Electric Refers to a pipe batten with electrical circuits for hanging lighting instruments. The "first stage electric" would be the first such batten suspended over the stage from the front of the stage, followed by the second stage electric and so-forth. The first house electric is the first such batten suspended over the audience from the front of the stage. At the Lyric we refer to the first house electric as the "main bar" or main batten. The first stage electric is referred to as the "front bar", with the second and third stage electrics being referred to as the "middle" and "back" bars, or battens.
Elevator See, Bridge
Ellipsoidal Spot Versatile lighting instrument utilizing an ellipsoidal reflector to focus the light beam. Useful for illuminating downstage to midstage areas from an overhead batten or a balcony batten. Ellipsoidal spots come in a variety of focal lengths.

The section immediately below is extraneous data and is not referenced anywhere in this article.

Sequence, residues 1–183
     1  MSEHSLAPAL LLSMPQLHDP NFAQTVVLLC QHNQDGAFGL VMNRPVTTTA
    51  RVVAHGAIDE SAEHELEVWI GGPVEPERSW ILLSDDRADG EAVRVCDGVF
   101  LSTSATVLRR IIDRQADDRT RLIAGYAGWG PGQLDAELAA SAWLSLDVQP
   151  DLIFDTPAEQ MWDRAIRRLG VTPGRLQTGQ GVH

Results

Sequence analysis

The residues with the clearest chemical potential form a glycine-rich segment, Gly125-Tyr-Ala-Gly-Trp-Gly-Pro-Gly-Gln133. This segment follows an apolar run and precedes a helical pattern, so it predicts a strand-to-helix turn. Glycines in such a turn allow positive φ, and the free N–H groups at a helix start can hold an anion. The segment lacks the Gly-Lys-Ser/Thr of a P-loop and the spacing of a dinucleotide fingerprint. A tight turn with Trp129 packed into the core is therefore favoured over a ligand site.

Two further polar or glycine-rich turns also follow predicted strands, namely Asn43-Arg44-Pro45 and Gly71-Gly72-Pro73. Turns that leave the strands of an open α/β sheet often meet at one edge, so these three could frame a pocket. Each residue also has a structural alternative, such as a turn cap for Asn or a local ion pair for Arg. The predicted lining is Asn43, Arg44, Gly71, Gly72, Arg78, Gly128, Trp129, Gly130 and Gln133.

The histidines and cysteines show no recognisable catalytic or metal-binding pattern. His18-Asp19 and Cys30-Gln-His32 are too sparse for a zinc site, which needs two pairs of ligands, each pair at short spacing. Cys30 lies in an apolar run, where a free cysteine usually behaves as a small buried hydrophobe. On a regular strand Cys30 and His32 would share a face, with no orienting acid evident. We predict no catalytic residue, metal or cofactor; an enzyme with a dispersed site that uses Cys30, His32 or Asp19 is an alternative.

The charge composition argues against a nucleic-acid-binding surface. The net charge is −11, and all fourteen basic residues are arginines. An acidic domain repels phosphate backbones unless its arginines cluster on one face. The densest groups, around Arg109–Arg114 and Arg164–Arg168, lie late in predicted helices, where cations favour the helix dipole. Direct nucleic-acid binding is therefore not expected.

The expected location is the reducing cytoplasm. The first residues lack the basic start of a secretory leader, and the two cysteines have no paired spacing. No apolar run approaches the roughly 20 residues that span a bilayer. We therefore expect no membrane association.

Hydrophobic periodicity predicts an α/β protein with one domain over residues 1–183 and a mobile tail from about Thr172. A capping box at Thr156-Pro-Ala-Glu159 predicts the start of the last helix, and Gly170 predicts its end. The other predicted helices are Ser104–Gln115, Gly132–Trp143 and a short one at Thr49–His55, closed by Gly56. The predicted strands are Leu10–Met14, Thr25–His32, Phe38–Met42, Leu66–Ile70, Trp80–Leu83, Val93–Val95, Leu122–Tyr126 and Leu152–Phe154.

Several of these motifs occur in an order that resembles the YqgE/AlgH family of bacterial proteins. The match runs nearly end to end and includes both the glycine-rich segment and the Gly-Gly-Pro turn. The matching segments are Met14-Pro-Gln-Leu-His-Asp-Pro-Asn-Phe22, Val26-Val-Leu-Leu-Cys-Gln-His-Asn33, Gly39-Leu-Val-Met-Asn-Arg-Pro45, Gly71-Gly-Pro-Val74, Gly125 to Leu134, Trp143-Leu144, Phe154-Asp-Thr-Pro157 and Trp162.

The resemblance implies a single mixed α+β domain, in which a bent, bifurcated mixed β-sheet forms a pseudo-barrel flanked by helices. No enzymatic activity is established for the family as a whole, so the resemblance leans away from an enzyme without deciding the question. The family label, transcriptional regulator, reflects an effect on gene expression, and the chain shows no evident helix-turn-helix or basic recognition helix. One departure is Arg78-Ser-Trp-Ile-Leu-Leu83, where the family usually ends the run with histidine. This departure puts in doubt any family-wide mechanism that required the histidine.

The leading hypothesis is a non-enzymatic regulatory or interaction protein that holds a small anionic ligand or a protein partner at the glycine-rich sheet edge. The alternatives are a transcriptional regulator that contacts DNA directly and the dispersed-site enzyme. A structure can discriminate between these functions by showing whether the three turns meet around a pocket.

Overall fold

Epilogue See, Prologue. This is a summary speech, delivered at the end of the play, which explains or comments upon the action. Neither epilogues or prologues are used much in today's theatre.
Equity Actors' Associations. Trade unions formed to oversee and regulate the pay and conditions of those working in the theatre. In the U.S., American Actors' Equity, formed in 1913, deals only with the legitimate theatre.
Exit Stage direction. The action of leaving the stage.
Exit Line Final line spoken by an actor before leaving the stage.
Expressionism Movement that began about 1910 and that has application in painting, music and literature as well as drama. The term was first used in 1901 by Auguste Herve to works he'd painted in reaction against impressionism. The heyday of expressionist theatre in America was in the 1920's and 30's and was often a theatre of political and social protest.